Fresh Blood

Name: John Gordon Sinclair

Title of Book: Seventy Times Seven

'This is a very strong debut tinged with sadness that will stay with you long after the final page. '

It is 1992 in Newry, Northern Ireland. Danny McGuire is a hired killer. He doesn’t enjoy his profession but in his own way he feels he is serving out justice to those he feels responsible for his brother, Sean’s death eight years earlier. Then Danny is contracted to kill the ‘Thevshi’ – ‘The Ghost’ who is living in the U.S. But this is not the sort of job he is normally given. The Ghost knows the circumstances of his brother’s murder and can lead Danny to those directly responsible. Danny has never needed to keep alive someone he has to kill.

Travelling to the States, Danny finds more than he bargained for. Things don’t feel right about this operation and Danny wonders if he himself will become a target once he has removed the ‘Thevshi’. However, despite Danny’s ill-feelings he is not prepared for the shock he gets when he finally learns the truth from his intended victim. Back in Ireland things are getting a bit too close for comfort and someone is prepared to put the screws on Danny by taking his eight-year old niece hostage. Soon, Danny is intend to do all he can to preserve all he holds sacred.

This debut novel from the well-known actor shows that the man can turn his hand to writing as well as acting. Sinclair vividly conveys the times of the ‘Troubles’ in Ireland and that some couldn’t even trust others who were evidently fighting on the same side. This is a tale of betrayal and lies in many forms leading Danny to question his beliefs and everything he has held close to his heart.

The book starts on Good Friday which I thought particularly significant as it involves resurrections in many guises. Rotating the chapters between Ireland and the U.S. kept the two plotlines flowing until they converged. ‘Seventy Times Seven’ is a thriller but it is more than that – it has a moral to the story – is what you believe in the absolute truth or is it a manipulated lie?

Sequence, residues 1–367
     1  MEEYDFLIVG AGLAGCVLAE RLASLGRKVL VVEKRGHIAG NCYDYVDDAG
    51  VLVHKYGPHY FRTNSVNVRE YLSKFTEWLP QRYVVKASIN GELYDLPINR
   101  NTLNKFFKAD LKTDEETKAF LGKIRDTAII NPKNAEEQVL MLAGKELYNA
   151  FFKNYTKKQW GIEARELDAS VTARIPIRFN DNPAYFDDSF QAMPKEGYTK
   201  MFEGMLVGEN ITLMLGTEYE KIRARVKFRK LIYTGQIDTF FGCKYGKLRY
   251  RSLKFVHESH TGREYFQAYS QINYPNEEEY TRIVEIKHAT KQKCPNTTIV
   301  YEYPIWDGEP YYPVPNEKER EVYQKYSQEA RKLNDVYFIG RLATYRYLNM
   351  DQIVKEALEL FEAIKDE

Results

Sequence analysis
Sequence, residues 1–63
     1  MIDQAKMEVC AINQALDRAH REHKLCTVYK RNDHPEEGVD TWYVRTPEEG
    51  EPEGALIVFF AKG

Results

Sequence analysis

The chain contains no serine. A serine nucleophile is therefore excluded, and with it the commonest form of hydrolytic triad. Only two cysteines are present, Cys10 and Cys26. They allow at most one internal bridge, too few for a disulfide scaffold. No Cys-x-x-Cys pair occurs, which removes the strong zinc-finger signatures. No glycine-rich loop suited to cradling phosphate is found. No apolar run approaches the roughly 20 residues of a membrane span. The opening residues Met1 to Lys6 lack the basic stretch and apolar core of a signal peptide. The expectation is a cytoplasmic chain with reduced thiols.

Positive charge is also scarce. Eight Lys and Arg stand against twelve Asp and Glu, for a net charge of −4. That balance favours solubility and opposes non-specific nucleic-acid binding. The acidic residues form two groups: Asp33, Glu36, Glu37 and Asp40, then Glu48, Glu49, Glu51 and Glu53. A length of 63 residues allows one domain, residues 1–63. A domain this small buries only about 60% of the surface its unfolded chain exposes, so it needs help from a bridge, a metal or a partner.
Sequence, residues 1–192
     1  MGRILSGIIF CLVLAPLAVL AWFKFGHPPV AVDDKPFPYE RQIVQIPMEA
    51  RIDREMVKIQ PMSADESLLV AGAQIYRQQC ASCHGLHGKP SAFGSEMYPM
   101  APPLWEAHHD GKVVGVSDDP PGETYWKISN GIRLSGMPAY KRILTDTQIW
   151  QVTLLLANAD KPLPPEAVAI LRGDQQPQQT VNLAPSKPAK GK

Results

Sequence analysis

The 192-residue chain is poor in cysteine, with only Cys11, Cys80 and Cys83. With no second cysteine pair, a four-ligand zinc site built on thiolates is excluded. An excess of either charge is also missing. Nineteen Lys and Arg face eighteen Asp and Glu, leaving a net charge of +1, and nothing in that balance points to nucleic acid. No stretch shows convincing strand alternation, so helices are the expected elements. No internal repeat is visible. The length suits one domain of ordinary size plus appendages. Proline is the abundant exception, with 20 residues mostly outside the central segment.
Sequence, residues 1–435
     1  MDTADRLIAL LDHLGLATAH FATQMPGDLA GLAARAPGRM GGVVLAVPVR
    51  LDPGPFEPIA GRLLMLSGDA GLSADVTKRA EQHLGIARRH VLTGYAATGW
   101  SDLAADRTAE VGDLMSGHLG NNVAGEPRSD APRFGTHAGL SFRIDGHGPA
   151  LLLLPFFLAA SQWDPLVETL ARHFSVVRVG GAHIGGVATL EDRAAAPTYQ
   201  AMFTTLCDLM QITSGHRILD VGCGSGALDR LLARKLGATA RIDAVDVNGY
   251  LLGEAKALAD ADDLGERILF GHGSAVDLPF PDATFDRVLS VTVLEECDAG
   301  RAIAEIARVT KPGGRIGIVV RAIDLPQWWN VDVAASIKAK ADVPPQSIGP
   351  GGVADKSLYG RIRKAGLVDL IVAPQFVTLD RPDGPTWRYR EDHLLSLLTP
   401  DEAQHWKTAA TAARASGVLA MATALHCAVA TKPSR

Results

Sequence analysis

The character I warmed to the most was Marie who really stood out from the crowd and despite becoming involved in a situation not of her making she manages to deal with the violent interruptions that impact on her easy-going life as a waitress. Sinclair manages to give Marie soul and I am pleased that she will be re-appearing in his next novel.

Sinclair’s ending will divide readers and I for one thought it harsh but after a time away from the novel I could see that there really couldn’t have been any other solution. ‘Seventy Times Seven’ is a brutal, extremely addictive and vivid portrayal of the sins of men finally catching up with them. This is a very strong debut tinged with sadness that will stay with you long after the final page.

Reviewed by: C.S.

CrimeSquad Rating

Fresh Blood Questionnaire

1) You are better known as an actor of the stage and screen. What prompted you to turn your hand to writing?
I wrote a script about two highwaymen with Neil Morrissey quite a few years ago that was bought by Yorkshire Television (that shows how long ago) but was never made. I enjoyed the experience and originally had the Idea to write Seventy Times Seven as a screenplay. When my first kid was born I was looking for something to do that wouldn’t involve too much travel and meant I could do my fair share of the nappy changing. By coincidence I was approached by a small publishing company in Scotland and asked if I would be interested in writing an Autobiography, which I thought was a crap idea, but I pitched them the story of Danny McGuire instead. They seemed interested and that’s what started me writing it as a novel.
2) The novel takes place in 1992 during the time of the ‘Troubles’. Why did you pick this particular time for your novel?
Originally the story was set a lot later, but there are a few incidents that happen in the book that meant it had to take place before the Good Friday agreement (in the late nineties), but at a time when the political situation was starting to change for the better even though there were still a lot of problems in Northern Ireland. The story of the Security services handing the list of informers to the IRA knowing that the informers would then be killed is true. The British Government was on a cost cutting exercise, looking for ways of saving the expense of re-housing them and getting them new identities. Expediency at its finest.
3) The novel is quite filmic. Was this deliberate and do you believe that reading so many scripts have had an effect on the way you write?
I definitely think in pictures rather than words. Even to the point where I’d be having a conversation with my editor talking about a particular ‘scene’ and she would say ‘D’you mean, ‘Chapter’?” I also edited it in my head like a movie, wherever possible trying to move the story on if it felt like it was flagging. I wanted it to feel like a roller coaster ride rather than a donkey ride along the beach.
4) Danny McGuire isn’t what most people would call an atypical assassin. Why did you make Danny look as ‘geeky’ as described in the book?